Ana has that effect on the Henricksons as a whole. She gets Nicki to loosen up a little and get drunk while the two go out bowling together, even if it leads to Nicki’s sadness at learning that Barb is grooming Ana as a new lieutenant (or, at least, that’s how Nicki sees it). She kicks off a deeply passive-aggressive war between Barb and Margie over whom she’s going to live with. She even manages to somewhat tongue-tie the usually confident and headstrong Bill when she demands he buy her a house and demands she get to keep her tips. And then she leaves, having realized that the Henricksons have a living arrangement that is perhaps unsustainable but also has a weird balance to it that keeps them rolling. With her around, old, long-buried faults that are kept closed for the good of the family come rumbling back to life, and the fallout could end up being catastrophic. Barb’s struggle with her decision to let Bill take a second wife even resurfaces briefly, while Margie struggles to hold it together in the wake of seeing Ana, her onetime best friend, moving on to Barb, who seemingly doesn’t care what Ana’s favorite color of flower is. Goodwin plays furiousness in a way that’s somehow both hilarious and heartbreaking, and as she’s angrily tearing up the plants Barb just planted, she teeters on that knife’s edge terrifically.

Nicki, meanwhile, views Ana’s new influence on her life as a half impetus to continue her strange flirtation with the DA. Earlier in the episode, she leaves her work, citing family reasons, and he seems sad to see her go. When he leaves her a message that starts out somewhat professionally and ends up in him being deeply, deeply smitten, she’s not quite sure how to respond. If Big Love’s first season was, to a real degree, about driving home just HOW an arrangement like this could work and if the second season was about all of the whys and wherefores of how that arrangement came to be and what things in the past had to be deeply buried, Season Three is really looking like it’s going to be about the characters slowly waking up to emotions they didn’t know they had and desires they didn’t know they yearned for. Watch Nicki slam the phone shut after hearing the message, then watch her in a later scene, sitting on her staircase in a moonlit house, dreamily leaving another message for her former boss about how she wants to come back to work again, always careful to refer to him as Mr. Henry, not by his real name. It’s a lovely little grace note of a scene that doesn’t really build to anything else in the episode but serves to continue the season-long theme of Nicki discovering herself. Is there a way Nicki has an affair with the DA and doesn’t find parts of herself she didn’t know were there? (She seems deep enough in denial about what she’s doing right now. Heaven forfend if she actually had sex with him!) Barb was always, seemingly, the wife most likely to leave, but the events of Season Two served to reinforce her commitment, if not to the principle then to her sister wives and her husband. But Nicki is, we’re starting to realize, even MORE of a danger to bolt. Like a teenager confronting their own religion for the first time, Nicki is realizing some of the awful things done in the name of her father, Roman (Harry Dean Stanton), and beginning to realize that there’s more to life than she thought there was. It’s hard to imagine the show without Sevigny, but Nicki has started down a path she may not be able to turn back from without a good amount of willful self-denial.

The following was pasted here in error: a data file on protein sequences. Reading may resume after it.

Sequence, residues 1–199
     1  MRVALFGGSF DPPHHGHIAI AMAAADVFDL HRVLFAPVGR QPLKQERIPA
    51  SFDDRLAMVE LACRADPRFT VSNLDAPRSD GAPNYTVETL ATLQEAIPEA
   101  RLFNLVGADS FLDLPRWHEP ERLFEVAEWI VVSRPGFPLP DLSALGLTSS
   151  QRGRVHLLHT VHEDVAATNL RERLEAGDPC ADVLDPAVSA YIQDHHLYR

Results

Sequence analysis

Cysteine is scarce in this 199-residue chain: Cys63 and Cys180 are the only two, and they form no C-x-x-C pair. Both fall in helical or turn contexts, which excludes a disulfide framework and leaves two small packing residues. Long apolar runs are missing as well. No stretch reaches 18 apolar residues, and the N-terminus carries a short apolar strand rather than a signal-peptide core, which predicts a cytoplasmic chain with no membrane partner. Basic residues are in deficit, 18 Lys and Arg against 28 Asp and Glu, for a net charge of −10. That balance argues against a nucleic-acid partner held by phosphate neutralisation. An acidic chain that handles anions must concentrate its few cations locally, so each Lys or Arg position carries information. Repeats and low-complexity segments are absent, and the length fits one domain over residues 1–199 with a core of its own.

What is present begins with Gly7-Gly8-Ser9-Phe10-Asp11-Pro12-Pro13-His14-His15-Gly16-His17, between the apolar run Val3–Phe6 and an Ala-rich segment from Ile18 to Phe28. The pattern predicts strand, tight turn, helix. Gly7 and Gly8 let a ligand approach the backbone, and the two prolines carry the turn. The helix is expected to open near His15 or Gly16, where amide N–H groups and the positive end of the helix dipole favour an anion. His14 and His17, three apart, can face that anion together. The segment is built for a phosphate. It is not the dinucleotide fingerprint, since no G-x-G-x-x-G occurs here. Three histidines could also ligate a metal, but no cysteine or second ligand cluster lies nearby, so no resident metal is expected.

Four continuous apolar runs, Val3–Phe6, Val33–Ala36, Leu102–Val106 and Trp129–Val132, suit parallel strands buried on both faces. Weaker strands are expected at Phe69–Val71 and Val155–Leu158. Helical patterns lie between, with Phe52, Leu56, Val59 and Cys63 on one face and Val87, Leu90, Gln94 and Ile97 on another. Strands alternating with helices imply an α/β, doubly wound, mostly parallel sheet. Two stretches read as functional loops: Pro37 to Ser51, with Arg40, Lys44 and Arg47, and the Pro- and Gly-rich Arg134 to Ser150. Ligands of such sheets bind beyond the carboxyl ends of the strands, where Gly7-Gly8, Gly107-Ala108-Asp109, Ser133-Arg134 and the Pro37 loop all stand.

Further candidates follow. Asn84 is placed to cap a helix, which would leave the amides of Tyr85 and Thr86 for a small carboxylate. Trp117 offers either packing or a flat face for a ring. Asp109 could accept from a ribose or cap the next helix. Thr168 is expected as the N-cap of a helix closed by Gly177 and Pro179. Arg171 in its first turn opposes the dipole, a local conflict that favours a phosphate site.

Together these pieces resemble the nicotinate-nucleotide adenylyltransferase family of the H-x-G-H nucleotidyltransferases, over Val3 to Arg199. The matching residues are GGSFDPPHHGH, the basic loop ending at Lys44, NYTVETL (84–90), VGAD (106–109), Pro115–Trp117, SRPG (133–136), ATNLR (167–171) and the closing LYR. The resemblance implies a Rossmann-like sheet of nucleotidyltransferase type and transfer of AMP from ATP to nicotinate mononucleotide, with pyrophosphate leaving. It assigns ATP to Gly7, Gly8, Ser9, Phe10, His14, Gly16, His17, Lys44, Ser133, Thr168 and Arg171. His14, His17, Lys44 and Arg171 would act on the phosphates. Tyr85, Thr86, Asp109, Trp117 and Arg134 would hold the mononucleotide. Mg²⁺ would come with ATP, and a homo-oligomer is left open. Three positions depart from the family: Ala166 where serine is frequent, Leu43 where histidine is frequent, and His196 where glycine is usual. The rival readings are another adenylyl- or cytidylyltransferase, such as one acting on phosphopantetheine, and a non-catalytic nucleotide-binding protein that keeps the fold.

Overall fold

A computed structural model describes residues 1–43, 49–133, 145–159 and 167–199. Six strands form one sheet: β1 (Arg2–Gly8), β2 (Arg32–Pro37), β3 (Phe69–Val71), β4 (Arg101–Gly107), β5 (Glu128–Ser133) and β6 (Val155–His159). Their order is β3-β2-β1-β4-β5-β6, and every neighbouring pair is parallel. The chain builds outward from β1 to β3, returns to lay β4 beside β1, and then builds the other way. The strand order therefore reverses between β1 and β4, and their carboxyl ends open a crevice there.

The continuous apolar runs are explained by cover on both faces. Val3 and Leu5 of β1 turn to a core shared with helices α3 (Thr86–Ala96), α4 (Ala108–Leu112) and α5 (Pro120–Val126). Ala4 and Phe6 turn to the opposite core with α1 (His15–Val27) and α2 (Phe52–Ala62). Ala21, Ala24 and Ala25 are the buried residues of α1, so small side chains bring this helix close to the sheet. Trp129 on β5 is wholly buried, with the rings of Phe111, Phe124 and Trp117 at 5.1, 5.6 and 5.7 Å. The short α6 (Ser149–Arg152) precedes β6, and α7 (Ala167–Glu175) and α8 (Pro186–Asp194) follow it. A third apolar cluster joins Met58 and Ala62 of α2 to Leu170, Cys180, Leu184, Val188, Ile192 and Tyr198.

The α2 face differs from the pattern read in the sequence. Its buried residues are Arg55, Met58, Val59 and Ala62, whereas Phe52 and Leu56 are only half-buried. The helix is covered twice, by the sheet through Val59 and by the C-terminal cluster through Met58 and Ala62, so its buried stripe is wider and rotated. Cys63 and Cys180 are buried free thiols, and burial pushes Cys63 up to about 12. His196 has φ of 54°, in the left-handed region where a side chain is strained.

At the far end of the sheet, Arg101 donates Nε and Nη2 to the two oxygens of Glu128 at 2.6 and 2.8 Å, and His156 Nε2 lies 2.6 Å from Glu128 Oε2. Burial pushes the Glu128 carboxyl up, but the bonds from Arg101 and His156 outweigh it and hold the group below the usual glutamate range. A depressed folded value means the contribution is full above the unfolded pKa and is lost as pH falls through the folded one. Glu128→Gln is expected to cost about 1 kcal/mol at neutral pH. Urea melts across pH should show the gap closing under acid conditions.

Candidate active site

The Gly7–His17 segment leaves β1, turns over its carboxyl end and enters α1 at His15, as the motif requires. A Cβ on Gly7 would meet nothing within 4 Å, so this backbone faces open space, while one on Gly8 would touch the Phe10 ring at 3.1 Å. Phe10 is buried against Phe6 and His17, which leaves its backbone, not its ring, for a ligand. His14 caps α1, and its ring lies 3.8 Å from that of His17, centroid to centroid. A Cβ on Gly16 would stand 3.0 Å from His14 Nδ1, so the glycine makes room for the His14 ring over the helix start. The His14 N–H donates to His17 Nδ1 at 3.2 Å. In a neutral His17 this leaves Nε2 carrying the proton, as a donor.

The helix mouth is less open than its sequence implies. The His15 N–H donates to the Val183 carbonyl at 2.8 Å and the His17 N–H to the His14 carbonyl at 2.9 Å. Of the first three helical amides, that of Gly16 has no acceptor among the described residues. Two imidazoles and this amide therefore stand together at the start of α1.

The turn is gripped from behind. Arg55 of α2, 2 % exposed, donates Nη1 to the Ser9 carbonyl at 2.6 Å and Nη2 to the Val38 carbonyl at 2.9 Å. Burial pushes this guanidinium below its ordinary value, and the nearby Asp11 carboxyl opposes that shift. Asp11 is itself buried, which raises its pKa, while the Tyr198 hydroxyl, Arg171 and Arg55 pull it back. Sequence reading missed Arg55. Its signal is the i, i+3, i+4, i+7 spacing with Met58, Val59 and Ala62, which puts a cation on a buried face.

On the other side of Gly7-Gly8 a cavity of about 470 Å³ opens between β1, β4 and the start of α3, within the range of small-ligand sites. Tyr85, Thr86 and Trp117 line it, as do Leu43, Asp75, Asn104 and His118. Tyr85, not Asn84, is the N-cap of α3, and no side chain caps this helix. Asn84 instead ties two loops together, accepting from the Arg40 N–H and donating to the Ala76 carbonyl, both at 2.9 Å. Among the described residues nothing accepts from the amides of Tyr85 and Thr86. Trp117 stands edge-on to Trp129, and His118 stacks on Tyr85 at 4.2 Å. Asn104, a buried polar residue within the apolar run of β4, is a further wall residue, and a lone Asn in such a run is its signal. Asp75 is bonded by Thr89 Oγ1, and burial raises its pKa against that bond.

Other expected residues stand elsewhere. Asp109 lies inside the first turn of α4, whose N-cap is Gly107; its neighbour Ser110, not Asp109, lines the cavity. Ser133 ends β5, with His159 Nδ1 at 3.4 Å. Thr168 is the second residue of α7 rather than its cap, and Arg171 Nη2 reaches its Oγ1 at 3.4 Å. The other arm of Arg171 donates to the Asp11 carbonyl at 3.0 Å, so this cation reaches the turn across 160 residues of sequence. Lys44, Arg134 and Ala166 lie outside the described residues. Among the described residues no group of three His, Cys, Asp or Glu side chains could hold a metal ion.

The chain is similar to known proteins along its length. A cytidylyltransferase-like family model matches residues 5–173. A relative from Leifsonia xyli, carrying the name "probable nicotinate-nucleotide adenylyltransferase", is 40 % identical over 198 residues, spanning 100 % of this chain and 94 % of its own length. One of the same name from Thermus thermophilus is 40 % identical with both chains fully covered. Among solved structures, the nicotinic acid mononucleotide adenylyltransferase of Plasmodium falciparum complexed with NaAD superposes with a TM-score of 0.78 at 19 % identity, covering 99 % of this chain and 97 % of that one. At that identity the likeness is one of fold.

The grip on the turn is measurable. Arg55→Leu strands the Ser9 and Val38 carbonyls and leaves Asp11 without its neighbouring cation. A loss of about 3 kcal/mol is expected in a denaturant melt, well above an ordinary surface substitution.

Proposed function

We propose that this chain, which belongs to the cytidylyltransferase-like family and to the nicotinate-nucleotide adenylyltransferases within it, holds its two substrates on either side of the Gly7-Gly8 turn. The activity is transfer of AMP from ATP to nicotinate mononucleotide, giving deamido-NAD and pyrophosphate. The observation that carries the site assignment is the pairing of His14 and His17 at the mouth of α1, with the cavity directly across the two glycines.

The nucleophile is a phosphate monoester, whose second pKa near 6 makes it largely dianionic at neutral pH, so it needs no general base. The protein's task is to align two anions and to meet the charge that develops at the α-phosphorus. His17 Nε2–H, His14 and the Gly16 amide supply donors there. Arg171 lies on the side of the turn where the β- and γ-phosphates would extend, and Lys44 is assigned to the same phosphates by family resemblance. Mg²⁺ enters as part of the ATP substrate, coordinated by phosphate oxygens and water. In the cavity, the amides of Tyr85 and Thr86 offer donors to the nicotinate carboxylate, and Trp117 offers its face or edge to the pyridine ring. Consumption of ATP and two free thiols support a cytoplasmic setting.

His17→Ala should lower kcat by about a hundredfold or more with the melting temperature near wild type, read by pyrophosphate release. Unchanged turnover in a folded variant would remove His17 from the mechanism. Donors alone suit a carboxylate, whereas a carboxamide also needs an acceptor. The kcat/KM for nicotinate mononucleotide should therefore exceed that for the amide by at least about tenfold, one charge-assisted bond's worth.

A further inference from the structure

The final scene, the Henrickson wives mostly wordlessly leaving after learning that Ana has resolved to divorce them, leaving Bill to stare plaintively at her and say that he thought their union was meant to be, was marvelously constructed, the afternoon light filtering into the Henrickson kitchen, the hurt on all three wives’ faces there for an instant, then gone, when other duties called them away, first Margie, then Nicki, then, reluctantly, Barb. Only Bill and Ana were left then, and while she seemed to think that this was somewhat inevitable, Bill found himself dumbfounded that it had gone this way. Bill has traditionally followed his gut (or another part of his anatomy), figuring that God was taking care of him, but this season has been full of one misreading of a situation after another. Bill’s kind of a loathsome figure, but Paxton has been playing his growing pain at the sad turns of his life well, and you almost feel sorry for the guy as the episode draws to a close on his wounded face.